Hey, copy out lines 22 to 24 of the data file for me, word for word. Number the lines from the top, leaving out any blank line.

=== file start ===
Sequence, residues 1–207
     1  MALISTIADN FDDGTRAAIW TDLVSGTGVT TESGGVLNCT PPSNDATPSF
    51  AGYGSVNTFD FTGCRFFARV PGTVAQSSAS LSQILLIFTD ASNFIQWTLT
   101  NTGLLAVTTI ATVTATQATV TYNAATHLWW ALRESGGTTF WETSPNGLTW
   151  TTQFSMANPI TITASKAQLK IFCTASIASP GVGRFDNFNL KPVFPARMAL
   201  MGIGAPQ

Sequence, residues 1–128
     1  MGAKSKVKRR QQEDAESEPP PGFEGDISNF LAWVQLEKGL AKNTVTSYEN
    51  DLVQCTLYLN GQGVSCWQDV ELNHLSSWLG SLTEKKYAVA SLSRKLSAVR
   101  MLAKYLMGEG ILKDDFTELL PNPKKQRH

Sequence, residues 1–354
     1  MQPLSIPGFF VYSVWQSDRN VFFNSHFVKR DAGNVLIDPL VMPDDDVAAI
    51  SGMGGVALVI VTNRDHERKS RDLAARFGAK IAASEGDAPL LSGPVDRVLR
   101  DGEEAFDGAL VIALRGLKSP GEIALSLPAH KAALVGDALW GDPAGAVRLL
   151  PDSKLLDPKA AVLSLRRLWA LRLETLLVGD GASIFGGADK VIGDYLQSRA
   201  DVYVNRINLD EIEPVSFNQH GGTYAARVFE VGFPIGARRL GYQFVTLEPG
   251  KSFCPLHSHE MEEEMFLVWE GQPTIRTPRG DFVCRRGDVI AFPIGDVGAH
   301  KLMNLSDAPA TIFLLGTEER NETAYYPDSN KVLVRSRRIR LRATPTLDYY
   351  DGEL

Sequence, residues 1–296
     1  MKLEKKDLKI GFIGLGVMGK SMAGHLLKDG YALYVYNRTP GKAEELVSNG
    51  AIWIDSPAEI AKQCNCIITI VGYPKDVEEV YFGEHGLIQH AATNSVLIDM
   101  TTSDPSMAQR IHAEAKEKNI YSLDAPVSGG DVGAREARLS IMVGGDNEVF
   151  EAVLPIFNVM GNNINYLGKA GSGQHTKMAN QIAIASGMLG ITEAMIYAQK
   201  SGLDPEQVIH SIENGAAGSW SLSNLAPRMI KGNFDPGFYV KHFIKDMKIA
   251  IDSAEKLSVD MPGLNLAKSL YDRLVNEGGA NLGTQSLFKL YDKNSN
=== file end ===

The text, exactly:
    51  AIWIDSPAEI AKQCNCIITI VGYPKDVEEV YFGEHGLIQH AATNSVLIDM
   101  TTSDPSMAQR IHAEAKEKNI YSLDAPVSGG DVGAREARLS IMVGGDNEVF
   151  EAVLPIFNVM GNNINYLGKA GSGQHTKMAN QIAIASGMLG ITEAMIYAQK